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Perfusion index as a tool to evaluate the efficacy of stellate ganglion block for complex regional pain syndrome

  • Eung Don Kim
  • Woo Joo Yoo
  • Yun Jae Lee
  • Hue Jung ParkEmail author
Letter to the Editor

Dear Editors,

Vasomotor disturbance symptoms such as abnormal thermal sensation are common in patients with complex regional pain syndrome (CRPS) [1]. Sympathetic blocks can be applied to treat such vasomotor symptoms, and stellate ganglion block (SGB) is commonly used to manage CRPS involving the upper extremities [2]. To date, observations of the temperature increase on the treated side and the Horner’s sign have been used as indicators of successful SGB [3]. However, in clinical practice, patients with chronic CRPS often have ambiguous changes in parameters such as temperature after a sympathetic block.

Perfusion index (PI) is a parameter calculated from photoplethysmography and reflects the perfusion state of the monitoring site. PI is expressed as the ratio (%) of the amplitude of the non-pulsatile signal to the amplitude of the pulsatile signal and its value ranges from 0.02–20% [4]. In previous studies, PI was reported more sensitive than temperature as a parameter to measure...

Keywords

Sympathetic block Stellate ganglion block Complex regional pain syndrome Temperature Perfusion index 

Abbreviations

CRPS

Complex regional pain syndrome

SGB

Stellate ganglion block

PI

Perfusion index

T

Temperature

ΔPI

Side differences in perfusion index increase

ΔT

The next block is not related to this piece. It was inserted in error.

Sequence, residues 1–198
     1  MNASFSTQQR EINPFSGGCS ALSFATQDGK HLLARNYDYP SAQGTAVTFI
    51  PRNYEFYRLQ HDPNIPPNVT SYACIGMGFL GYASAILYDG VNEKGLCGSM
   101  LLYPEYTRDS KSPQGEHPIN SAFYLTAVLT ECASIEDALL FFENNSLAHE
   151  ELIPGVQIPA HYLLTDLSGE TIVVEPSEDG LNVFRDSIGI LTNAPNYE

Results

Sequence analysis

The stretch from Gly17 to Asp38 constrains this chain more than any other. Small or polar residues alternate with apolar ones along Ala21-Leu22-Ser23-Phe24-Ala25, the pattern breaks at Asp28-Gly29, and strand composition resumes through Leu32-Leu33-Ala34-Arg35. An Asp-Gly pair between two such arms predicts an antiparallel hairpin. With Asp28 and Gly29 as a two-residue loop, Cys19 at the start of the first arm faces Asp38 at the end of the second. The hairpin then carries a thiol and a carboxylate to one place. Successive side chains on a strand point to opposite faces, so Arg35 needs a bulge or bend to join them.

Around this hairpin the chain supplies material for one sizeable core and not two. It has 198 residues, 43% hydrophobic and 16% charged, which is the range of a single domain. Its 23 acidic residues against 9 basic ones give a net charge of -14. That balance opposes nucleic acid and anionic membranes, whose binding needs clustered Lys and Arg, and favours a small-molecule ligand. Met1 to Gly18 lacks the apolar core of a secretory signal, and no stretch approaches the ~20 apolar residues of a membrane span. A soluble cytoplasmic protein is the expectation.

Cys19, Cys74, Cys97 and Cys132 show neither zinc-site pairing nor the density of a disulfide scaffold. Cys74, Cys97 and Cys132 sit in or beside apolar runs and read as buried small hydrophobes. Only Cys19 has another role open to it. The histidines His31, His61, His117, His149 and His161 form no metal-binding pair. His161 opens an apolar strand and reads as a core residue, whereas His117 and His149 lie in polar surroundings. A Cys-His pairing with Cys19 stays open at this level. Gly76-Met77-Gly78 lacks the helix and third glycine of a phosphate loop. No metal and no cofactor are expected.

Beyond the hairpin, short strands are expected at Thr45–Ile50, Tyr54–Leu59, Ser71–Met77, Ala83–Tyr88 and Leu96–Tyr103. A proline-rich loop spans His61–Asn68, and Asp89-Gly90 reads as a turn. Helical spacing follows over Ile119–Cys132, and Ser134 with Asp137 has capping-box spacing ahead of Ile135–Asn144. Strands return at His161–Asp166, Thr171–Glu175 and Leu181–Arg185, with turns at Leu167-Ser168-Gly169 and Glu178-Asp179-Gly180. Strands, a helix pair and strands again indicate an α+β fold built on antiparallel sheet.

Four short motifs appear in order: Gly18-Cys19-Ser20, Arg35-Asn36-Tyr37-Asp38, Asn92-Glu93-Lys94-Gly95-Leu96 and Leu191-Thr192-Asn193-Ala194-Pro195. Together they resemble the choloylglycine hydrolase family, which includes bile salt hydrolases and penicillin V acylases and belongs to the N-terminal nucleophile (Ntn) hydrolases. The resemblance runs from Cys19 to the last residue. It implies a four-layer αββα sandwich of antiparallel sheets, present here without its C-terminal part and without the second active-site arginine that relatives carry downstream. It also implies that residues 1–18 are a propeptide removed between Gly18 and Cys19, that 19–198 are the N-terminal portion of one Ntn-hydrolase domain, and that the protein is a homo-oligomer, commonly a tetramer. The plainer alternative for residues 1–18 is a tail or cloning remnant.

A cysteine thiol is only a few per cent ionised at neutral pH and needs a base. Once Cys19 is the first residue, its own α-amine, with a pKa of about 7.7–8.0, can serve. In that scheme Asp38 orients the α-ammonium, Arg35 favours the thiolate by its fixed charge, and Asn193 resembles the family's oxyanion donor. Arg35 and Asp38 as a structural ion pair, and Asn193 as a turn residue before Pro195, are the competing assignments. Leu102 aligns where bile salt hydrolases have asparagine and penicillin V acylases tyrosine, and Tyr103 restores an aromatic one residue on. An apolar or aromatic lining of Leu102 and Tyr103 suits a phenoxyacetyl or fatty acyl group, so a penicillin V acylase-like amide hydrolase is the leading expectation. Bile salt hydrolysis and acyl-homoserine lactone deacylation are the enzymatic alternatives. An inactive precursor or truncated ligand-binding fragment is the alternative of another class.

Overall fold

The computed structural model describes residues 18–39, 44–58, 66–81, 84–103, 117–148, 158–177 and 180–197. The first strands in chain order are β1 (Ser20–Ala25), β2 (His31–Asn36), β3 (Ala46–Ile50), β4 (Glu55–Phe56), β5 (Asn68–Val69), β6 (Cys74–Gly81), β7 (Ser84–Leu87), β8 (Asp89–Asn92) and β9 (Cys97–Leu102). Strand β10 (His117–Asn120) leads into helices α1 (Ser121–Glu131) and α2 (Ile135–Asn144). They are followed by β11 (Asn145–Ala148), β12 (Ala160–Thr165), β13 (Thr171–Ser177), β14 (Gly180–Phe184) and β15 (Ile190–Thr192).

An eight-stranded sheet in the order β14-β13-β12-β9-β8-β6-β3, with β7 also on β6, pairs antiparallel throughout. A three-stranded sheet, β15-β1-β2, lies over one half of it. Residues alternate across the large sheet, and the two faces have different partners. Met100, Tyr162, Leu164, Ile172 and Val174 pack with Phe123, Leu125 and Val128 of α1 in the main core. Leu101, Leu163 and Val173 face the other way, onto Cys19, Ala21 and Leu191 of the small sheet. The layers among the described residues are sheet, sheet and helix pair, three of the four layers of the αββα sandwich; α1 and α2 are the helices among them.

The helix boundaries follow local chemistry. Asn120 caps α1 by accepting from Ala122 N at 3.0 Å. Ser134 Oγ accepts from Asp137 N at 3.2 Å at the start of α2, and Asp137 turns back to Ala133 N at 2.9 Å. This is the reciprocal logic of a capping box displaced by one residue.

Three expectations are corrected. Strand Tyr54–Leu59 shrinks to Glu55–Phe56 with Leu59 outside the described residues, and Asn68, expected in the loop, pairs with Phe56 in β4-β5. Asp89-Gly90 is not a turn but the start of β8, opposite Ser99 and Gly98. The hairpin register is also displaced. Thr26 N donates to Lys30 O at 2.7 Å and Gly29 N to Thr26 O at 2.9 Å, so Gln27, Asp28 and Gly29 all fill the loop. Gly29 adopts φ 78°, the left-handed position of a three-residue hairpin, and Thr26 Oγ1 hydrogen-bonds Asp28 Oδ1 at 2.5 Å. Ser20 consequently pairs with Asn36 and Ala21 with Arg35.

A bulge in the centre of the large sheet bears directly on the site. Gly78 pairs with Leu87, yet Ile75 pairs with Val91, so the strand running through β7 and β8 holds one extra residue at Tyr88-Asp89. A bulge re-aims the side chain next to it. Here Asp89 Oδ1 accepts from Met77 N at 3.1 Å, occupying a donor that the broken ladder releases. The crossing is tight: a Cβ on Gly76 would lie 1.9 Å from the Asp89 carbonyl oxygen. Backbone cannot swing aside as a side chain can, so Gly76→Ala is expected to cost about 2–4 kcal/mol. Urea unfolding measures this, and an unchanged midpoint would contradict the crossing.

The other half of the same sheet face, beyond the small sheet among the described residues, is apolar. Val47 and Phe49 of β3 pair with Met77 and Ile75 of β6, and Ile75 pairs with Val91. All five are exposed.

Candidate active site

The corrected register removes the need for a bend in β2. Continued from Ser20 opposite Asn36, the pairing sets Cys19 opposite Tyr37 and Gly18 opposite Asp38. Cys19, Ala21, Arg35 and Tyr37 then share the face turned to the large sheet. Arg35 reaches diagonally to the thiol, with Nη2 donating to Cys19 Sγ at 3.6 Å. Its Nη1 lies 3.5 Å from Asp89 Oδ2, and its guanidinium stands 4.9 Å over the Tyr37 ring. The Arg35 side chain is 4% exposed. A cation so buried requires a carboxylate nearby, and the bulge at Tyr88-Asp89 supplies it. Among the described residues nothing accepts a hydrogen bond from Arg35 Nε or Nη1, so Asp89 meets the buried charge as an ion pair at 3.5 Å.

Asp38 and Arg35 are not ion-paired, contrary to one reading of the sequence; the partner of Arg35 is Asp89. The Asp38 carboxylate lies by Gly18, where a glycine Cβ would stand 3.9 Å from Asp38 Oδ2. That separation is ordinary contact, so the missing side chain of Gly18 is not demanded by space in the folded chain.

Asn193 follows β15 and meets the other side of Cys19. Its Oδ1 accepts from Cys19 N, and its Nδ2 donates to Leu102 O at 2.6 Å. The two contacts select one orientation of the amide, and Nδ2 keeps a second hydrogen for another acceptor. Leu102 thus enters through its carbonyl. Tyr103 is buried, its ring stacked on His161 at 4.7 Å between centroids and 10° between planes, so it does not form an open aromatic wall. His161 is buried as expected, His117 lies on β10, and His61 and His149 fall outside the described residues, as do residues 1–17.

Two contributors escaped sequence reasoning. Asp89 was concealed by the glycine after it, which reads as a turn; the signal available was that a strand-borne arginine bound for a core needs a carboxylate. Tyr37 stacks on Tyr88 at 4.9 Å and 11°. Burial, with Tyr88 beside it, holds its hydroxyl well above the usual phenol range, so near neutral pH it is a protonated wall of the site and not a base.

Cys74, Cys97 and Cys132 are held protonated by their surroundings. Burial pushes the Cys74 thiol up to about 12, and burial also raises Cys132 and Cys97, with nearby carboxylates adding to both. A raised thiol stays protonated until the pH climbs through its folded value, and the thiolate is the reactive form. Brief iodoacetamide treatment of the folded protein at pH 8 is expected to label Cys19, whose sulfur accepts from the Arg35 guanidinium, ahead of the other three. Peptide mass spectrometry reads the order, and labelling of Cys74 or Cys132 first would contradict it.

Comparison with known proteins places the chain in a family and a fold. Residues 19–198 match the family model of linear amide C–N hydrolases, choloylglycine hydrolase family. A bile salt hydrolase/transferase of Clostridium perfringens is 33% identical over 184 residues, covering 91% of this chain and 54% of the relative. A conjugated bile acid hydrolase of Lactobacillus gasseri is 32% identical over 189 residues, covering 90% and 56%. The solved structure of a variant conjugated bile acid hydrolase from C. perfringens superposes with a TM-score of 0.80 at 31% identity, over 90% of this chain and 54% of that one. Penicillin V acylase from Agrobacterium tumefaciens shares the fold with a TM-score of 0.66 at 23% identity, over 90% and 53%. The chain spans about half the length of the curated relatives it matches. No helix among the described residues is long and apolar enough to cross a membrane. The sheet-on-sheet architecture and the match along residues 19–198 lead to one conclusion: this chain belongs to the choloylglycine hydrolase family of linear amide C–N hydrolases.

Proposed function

Side differences in temperature increase

Notes

Funding

There was no funding of this research.

Compliance with ethical standards

Conflict of interest

The authors confirm that there is no conflict of interest.

Supplementary material

10286_2018_585_MOESM1_ESM.tif (202 kb)
Figure 1. Changes in parameters (temperature and PI) and percentage of changes in parameters after SGB over time. A: Changes in temperature after SGB. B: Changes in PI after SGB. C: Percentage of changes in temperature and PI after SGB over time. SGB: Stellate ganglion block. PI: Perfusion index. * p < 0.05 compared with baseline. # p < 0.001 compared with baseline (TIFF 202 kb)

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Copyright information

© Springer-Verlag GmbH Germany, part of Springer Nature 2019

Authors and Affiliations

  1. 1.Department of Anesthesiology and Pain Medicine, School of Medicine, The Catholic University of KoreaDaejeon St. Mary’s HospitalDaejeonRepublic of Korea
  2. 2.Department of Anesthesiology and Pain Medicine, School of Medicine, The Catholic University of KoreaSeoul St. Mary’s HospitalSeoulRepublic of Korea

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